Finally, the beard isn't quite as well done as the prototype photos.  It's still not bad, but if you compare it to the early shots you will notice some difference in detail and style.

The best work on the head sculpt is in the nose and teeth, where they've captured not just the detail, but the right expression.  The eyes work nicely with the rest of the face to build on that slightly crazed, yet fun kind of guy look.

The hand sculpts are great, with a little fur on both.  The right hand sculpt works perfectly with the head of the cane, and the left hand can hold the flask easily.

Paint - ***1/2
Overall, the paint application is excellent.  There's clean lines between colors, no bleed, and almost zero slop.

The beard sculpt and paint are both slightly off from the prototype, but it's not a major issue in this category.  There's some color in the white of the left eye, but it looks intentional, giving him a reddish appearance.  The paint ops around the teeth and gums is particularly good, and once again they've gone with a gloss finish to make them appear wet.

Articulation - ****
I've heard that some recent figures - most notably Hellboy - have had loose joint problems again, but fortunately that wasn't the case with Hyde.

He has all the articulation you expect from Sideshow, including the ball jointed neck.  I had no trouble posing him in psycho monster mode, or just plain monster about town.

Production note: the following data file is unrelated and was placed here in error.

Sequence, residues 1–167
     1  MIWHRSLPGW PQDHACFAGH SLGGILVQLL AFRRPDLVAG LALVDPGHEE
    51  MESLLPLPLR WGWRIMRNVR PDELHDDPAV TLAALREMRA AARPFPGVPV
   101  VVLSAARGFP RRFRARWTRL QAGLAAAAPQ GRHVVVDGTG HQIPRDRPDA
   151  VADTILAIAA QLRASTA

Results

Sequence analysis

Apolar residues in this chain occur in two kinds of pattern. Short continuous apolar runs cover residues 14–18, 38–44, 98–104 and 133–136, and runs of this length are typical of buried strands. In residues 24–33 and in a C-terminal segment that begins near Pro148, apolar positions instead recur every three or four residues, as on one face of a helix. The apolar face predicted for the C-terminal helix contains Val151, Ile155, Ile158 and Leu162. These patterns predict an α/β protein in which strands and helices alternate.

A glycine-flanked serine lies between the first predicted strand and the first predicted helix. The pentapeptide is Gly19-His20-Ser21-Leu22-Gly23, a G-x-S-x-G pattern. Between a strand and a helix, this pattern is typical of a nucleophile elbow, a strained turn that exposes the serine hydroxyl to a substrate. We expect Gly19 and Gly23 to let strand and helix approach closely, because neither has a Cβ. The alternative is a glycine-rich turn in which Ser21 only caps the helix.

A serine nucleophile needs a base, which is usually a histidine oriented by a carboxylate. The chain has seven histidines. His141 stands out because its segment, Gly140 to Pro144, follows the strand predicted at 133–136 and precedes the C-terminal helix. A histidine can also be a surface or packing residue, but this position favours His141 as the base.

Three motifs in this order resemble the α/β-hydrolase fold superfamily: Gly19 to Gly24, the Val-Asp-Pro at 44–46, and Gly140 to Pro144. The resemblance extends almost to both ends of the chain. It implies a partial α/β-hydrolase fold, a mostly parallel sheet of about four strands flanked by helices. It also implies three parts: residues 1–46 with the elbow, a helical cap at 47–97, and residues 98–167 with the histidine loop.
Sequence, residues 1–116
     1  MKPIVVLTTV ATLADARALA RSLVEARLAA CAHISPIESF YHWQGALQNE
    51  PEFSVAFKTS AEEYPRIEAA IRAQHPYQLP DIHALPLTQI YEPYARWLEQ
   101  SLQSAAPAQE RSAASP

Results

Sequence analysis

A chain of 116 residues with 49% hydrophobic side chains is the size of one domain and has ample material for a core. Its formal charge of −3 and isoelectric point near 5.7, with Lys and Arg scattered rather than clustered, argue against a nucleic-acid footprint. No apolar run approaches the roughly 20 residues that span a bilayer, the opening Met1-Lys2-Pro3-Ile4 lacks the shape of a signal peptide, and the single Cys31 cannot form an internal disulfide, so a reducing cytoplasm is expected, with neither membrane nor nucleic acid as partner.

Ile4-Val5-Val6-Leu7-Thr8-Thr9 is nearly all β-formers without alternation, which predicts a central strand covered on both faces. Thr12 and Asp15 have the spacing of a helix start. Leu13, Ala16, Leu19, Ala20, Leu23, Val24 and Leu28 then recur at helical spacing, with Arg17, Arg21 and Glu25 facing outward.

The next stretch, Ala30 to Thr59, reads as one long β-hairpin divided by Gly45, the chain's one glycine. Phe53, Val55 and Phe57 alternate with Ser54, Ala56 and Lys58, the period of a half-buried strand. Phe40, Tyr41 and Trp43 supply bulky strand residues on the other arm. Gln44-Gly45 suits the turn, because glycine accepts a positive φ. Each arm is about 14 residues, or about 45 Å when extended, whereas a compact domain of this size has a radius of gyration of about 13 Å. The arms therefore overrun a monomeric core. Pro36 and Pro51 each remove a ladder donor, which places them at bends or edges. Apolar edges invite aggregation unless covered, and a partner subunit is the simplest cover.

Accessories - ***
Hyde comes with two main accessories - his stylish walking stick, and a laboratory flask.

The flask is well proportioned, but some liquid inside would have been very cool.  It fits easily in his left hand.

The cane is one of the better recent Sideshow accessories.  It's properly scaled, and the stylish top with a clear ball fits perfectly in his right hand.

He also has the standard Sideshow display stand, with the name of the film on the base.

As is often the case, only two accessories (and a stand) seems light, particularly at this price point.

Outfit - ***1/2
There have been times when Sideshow has had issues with baggy clothes, or poor tailoring.  Those times are fairly rare though, and Hyde shows just how good the tailoring can be.

This outfit fits perfectly from head to foot.  The shoes look great, the tux pants ride around his waist (not his chest), and the shirt, vest and jacket fit like a glove.

There's also plenty of small touches, like the buttons on the sleeves.  They are done so that the sleeves snap together as though they had cuff links, rather than buttons.